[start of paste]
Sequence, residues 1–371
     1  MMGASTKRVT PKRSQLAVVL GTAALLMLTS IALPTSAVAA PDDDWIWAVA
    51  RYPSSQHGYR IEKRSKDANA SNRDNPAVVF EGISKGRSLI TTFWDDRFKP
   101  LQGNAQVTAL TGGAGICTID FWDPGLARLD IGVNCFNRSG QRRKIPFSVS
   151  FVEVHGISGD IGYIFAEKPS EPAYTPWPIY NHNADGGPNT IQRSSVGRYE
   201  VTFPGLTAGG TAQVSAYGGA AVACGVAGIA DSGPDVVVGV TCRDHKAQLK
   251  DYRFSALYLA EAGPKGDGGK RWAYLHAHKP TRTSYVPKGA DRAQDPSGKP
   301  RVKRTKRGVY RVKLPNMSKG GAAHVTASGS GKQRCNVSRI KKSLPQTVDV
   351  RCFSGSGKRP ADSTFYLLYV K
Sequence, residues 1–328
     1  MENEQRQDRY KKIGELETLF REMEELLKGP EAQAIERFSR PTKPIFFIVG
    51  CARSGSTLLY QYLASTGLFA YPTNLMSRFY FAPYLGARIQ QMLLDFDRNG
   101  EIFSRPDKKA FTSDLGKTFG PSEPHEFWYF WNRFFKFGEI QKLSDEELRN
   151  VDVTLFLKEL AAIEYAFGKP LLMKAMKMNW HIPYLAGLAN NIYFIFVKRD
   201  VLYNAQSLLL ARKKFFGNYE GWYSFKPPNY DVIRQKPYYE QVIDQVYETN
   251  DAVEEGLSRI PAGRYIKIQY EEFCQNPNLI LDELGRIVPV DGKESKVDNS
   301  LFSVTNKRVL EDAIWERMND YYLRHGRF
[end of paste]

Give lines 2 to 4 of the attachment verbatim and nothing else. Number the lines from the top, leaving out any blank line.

     1  MMGASTKRVT PKRSQLAVVL GTAALLMLTS IALPTSAVAA PDDDWIWAVA
    51  RYPSSQHGYR IEKRSKDANA SNRDNPAVVF EGISKGRSLI TTFWDDRFKP
   101  LQGNAQVTAL TGGAGICTID FWDPGLARLD IGVNCFNRSG QRRKIPFSVS